It was amazing. Four complete misses! I was pleased to let him know that he was quite wrong on every point. If anything, he had it in reverse order in my case.
When you’re going through deconversion, and you recognise that you’ve been utterly, terribly wrong on everything, and you’re wondering what it all means, and one of those things is the loss of your social group and your status in a community and your mental model of the entire universe — not to mention all the time and money you’ve invested — you don’t just drift away. In my case, I prayed harder! I read the scriptures with a new intensity. I went to church for a good solid six months after I no longer believed. (That’s what finally finished my testimony off.)
So when this young elder told me what he thought my reasons were… I was secretly glad. Why glad? Here’s why.
Mormons simply do not understand why people leave, or what deconversion is like. They could ask someone who’s been through it, but they never do. That might open up an unwanted conversation — and besides, they know already! It’s because we forgot.
Except we don’t just forget. I could tell you the details of all my biggest and most convincing spiritual experiences. I remember everything. I just don’t think they mean what I used to think they mean. I’ve reordered my evidentiary model.
But Mormons don’t get this. And because they don’t understand why people leave, they won’t be able to stop it. The die-off will continue. And that makes me very glad, even though I know Mormons won’t be able to help someone who’s hurting. That’s where I come in. And not just me — a whole lot of other ex-Mormons who have formed supportive communities of disbelief.
Sadly, there’s another consequence of Mormons not getting it when it comes to apostasy. They blame themselves for their church’s failures. Here’s a scripture that lets them do that.
Helaman 4:22 And that they had altered and trampled under their feet the laws of Mosiah, or that which the Lord commanded him to give unto the people; and they saw that their laws had become corrupted, and that they had become a wicked people, insomuch that they were wicked even like unto the Lamanites.
4:23 And because of their iniquity the church had begun to dwindle; and they began to disbelieve in the spirit of prophecy and in the spirit of revelation; and the judgments of God did stare them in the face.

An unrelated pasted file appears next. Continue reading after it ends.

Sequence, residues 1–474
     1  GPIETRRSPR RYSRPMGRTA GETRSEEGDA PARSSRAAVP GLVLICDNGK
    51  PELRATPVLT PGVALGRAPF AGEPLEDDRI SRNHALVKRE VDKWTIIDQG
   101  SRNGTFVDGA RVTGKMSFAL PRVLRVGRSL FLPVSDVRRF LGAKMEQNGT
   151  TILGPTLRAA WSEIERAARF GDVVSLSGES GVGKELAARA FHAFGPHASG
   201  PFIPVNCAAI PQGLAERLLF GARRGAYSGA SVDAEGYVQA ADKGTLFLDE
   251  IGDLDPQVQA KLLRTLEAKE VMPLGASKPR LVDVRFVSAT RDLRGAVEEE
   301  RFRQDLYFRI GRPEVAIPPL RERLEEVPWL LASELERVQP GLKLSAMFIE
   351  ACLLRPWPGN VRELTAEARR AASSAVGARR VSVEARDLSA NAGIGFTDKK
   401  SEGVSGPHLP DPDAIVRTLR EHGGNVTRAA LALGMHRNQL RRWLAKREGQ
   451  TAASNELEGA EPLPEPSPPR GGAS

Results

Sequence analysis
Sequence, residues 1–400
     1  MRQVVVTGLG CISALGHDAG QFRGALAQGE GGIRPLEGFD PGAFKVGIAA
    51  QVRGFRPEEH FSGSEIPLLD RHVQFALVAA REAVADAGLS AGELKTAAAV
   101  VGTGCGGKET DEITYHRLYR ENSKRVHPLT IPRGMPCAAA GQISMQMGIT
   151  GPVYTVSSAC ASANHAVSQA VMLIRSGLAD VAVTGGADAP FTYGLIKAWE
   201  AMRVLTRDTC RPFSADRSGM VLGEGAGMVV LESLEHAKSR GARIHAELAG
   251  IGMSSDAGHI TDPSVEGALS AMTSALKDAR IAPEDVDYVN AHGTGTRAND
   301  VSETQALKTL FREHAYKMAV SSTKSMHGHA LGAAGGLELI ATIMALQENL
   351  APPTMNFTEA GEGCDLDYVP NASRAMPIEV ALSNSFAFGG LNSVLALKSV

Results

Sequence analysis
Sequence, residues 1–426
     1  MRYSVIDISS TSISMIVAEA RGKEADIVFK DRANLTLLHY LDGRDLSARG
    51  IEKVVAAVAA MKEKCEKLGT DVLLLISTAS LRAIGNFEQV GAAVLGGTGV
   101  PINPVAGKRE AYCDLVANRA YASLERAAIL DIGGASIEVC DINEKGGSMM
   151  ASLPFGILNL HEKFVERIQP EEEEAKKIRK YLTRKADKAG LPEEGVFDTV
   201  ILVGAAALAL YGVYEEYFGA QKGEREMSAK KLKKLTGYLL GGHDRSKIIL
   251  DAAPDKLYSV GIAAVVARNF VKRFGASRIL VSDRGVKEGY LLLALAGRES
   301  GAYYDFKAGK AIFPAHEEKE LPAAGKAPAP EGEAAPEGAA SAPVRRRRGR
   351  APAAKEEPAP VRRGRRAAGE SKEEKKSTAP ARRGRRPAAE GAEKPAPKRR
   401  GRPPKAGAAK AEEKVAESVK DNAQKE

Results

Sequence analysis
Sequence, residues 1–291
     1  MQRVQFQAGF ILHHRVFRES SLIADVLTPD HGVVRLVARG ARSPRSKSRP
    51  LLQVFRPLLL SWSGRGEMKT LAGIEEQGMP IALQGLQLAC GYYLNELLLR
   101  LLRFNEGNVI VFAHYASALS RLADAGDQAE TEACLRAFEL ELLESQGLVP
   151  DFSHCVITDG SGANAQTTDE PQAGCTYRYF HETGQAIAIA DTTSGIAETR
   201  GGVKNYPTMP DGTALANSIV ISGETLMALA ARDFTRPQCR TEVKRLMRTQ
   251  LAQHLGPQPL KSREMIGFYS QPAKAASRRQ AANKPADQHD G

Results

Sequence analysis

4:24 And they saw that they had become weak, like unto their brethren, the Lamanites, and that the Spirit of the Lord did no more preserve them; yea, it had withdrawn from them because the Spirit of the Lord doth not dwell in unholy temples —
That’s right; when you’re bad, you get abandoned by the Holy Spook, your supposed source of spiritual strength. And then the church collapses. But it’s not because of the lack of evidence, the sinister leaders, or the lack of tangible benefit. It’s you.
I really hope that church members today aren’t blaming themselves for the failure of the church and the current on-going final apostasy. But this scripture might have that effect.
Additional lesson ideas
I always thought cement was an anachronism in the Book of Mormon.
Helaman 3:3 And it came to pass in the forty and sixth, yea, there was much contention and many dissensions; in the which there were an exceedingly great many who departed out of the land of Zarahemla, and went forth unto the land northward to inherit the land.
3:7 And there being but little timber upon the face of the land, nevertheless the people who went forth became exceedingly expert in the working of cement; therefore they did build houses of cement, in the which they did dwell.
3:8 And it came to pass that they did multiply and spread, and did go forth from the land southward to the land northward, and did spread insomuch that they began to cover the face of the whole earth, from the sea south to the sea north, from the sea west to the sea east.
3:9 And the people who were in the land northward did dwell in tents, and in houses of cement, and they did suffer whatsoever tree should spring up upon the face of the land that it should grow up, that in time they might have timber to build their houses, yea, their cities, and their temples, and their synagogues, and their sanctuaries, and all manner of their buildings.